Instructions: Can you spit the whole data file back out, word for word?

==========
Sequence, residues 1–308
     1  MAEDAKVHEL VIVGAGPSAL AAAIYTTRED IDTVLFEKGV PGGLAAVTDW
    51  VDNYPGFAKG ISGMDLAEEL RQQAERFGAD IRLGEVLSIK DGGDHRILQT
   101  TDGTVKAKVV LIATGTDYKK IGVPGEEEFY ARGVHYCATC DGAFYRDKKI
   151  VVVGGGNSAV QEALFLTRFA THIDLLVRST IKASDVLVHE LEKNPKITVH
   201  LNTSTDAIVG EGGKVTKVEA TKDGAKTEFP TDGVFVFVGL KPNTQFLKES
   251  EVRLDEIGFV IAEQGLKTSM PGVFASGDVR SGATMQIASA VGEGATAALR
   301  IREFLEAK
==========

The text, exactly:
Sequence, residues 1–308
     1  MAEDAKVHEL VIVGAGPSAL AAAIYTTRED IDTVLFEKGV PGGLAAVTDW
    51  VDNYPGFAKG ISGMDLAEEL RQQAERFGAD IRLGEVLSIK DGGDHRILQT
   101  TDGTVKAKVV LIATGTDYKK IGVPGEEEFY ARGVHYCATC DGAFYRDKKI
   151  VVVGGGNSAV QEALFLTRFA THIDLLVRST IKASDVLVHE LEKNPKITVH
   201  LNTSTDAIVG EGGKVTKVEA TKDGAKTEFP TDGVFVFVGL KPNTQFLKES
   251  EVRLDEIGFV IAEQGLKTSM PGVFASGDVR SGATMQIASA VGEGATAALR
   301  IREFLEAK